Jenny Uglow at the NYRB:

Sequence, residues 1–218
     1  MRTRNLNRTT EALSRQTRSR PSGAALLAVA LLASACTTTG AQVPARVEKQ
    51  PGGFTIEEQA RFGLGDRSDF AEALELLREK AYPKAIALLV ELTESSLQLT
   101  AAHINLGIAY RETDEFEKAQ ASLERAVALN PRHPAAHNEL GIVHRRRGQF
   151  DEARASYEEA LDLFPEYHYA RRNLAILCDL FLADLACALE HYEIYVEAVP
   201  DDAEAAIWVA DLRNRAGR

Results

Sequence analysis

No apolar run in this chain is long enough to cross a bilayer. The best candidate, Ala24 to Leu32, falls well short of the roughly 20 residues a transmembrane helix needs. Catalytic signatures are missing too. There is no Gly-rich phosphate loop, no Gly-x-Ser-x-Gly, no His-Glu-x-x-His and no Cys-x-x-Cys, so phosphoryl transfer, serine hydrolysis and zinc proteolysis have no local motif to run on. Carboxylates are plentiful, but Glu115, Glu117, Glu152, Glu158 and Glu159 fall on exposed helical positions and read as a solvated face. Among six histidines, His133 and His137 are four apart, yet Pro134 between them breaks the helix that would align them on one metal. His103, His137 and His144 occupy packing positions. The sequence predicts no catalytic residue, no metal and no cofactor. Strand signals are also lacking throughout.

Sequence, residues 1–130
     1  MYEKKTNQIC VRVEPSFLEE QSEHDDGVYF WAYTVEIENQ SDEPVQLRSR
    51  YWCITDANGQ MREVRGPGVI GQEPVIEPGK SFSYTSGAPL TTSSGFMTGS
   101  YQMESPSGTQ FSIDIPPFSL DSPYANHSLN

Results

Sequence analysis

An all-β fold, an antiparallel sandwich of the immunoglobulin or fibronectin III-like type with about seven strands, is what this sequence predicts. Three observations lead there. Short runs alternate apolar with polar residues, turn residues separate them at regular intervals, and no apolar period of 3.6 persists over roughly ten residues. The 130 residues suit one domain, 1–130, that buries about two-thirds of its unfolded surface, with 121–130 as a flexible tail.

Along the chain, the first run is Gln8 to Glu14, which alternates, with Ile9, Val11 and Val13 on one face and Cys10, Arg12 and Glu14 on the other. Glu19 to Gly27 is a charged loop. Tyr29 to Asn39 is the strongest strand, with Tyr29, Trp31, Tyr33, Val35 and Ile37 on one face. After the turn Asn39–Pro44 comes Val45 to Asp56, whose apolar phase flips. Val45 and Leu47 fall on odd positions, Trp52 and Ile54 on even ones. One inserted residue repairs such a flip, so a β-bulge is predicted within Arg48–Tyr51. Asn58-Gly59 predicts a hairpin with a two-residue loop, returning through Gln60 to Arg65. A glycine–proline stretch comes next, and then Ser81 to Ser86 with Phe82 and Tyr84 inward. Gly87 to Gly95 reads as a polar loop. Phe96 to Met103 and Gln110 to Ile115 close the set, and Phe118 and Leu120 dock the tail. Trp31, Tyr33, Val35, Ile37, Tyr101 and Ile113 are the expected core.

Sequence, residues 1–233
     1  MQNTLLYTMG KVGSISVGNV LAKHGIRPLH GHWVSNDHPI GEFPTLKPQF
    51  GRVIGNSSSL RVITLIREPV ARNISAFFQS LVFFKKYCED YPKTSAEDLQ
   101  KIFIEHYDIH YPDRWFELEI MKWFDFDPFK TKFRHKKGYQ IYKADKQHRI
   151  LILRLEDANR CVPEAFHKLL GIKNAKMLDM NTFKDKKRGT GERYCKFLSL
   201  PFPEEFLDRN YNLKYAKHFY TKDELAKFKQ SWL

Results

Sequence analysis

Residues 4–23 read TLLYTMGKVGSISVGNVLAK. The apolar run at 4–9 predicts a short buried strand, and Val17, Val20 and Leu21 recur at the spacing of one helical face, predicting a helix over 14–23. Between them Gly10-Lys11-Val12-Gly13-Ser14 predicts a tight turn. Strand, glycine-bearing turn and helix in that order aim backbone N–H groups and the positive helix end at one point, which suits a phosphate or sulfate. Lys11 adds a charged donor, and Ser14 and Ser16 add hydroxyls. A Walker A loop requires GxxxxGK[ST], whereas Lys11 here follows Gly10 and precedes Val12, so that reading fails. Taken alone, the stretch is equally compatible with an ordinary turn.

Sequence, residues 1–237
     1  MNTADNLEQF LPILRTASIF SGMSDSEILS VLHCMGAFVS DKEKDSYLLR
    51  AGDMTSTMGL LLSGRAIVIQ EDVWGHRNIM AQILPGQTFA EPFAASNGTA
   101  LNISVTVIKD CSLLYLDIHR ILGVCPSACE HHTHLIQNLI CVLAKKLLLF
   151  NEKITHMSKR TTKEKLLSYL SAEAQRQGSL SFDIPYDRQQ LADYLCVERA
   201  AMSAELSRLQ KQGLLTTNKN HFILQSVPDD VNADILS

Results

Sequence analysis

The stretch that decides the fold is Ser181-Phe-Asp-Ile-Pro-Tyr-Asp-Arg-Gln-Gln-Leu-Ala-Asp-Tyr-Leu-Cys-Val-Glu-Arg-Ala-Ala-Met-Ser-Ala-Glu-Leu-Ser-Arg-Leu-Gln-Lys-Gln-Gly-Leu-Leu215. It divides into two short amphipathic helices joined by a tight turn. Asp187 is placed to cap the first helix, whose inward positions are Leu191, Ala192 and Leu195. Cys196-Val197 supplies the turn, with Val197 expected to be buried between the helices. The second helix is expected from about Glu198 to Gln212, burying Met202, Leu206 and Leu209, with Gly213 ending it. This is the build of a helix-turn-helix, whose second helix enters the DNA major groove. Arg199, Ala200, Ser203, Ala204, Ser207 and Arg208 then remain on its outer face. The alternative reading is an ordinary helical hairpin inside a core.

Nothing, however, prepares one for the tender ferocity of Bacon’s isolated, entrapped figures. In the earliest of these, the large canvas of Figure in a Landscape(1945), a curled-up, almost human form appears to be submerged in a desert—we see his arm and part of his body, but the legs of his suit hang, empty, over a bench. This is masculinity destroyed. The sense of desperation is even stronger in Bacon’s paintings of animals, such as Dog (1952), in which the dog whirls like a dervish, absorbed in chasing its tail, while cars speed by on a palm-bordered freeway, or Study of a Baboon (1953), where the monkey flies and howls against the mesh of a fence. In their struggles, these animals are the fellows of Bacon’s “screaming popes”: in Study after Velazquez (1950), a businessman in a dark suit, jaws wrenched open in a silent yell, is trapped behind red bars that fall like a curtain of blood. The curators connect Bacon’s postwar angst with Giacometti’s elongated statues, isolated in space, and to the philosophy of existentialism. Yet Bacon’s vehement brushstrokes speak of energy and involvement, physical, not cerebral responses. In Study for Portrait II (after the Life Mask of William Blake) (1955), you feel the urgent vision behind the lidded eyes. He cares, passionately.